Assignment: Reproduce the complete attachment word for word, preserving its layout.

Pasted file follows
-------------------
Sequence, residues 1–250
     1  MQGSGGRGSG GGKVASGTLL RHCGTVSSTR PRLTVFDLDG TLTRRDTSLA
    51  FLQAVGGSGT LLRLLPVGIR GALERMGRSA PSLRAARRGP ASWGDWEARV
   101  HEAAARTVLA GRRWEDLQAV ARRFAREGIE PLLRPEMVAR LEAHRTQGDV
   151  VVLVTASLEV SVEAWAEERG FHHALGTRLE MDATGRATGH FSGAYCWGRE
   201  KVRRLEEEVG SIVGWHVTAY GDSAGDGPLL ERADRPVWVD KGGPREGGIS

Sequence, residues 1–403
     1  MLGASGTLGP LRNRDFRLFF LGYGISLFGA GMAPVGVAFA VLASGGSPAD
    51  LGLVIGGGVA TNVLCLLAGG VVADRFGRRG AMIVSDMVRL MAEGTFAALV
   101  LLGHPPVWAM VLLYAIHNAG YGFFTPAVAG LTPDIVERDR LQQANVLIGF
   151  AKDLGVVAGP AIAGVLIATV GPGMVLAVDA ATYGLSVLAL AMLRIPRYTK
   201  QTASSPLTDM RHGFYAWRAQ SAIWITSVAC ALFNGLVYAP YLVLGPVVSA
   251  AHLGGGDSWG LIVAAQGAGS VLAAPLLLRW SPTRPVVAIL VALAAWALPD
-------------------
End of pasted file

Sequence, residues 1–250
     1  MQGSGGRGSG GGKVASGTLL RHCGTVSSTR PRLTVFDLDG TLTRRDTSLA
    51  FLQAVGGSGT LLRLLPVGIR GALERMGRSA PSLRAARRGP ASWGDWEARV
   101  HEAAARTVLA GRRWEDLQAV ARRFAREGIE PLLRPEMVAR LEAHRTQGDV
   151  VVLVTASLEV SVEAWAEERG FHHALGTRLE MDATGRATGH FSGAYCWGRE
   201  KVRRLEEEVG SIVGWHVTAY GDSAGDGPLL ERADRPVWVD KGGPREGGIS

Sequence, residues 1–403
     1  MLGASGTLGP LRNRDFRLFF LGYGISLFGA GMAPVGVAFA VLASGGSPAD
    51  LGLVIGGGVA TNVLCLLAGG VVADRFGRRG AMIVSDMVRL MAEGTFAALV
   101  LLGHPPVWAM VLLYAIHNAG YGFFTPAVAG LTPDIVERDR LQQANVLIGF
   151  AKDLGVVAGP AIAGVLIATV GPGMVLAVDA ATYGLSVLAL AMLRIPRYTK
   201  QTASSPLTDM RHGFYAWRAQ SAIWITSVAC ALFNGLVYAP YLVLGPVVSA
   251  AHLGGGDSWG LIVAAQGAGS VLAAPLLLRW SPTRPVVAIL VALAAWALPD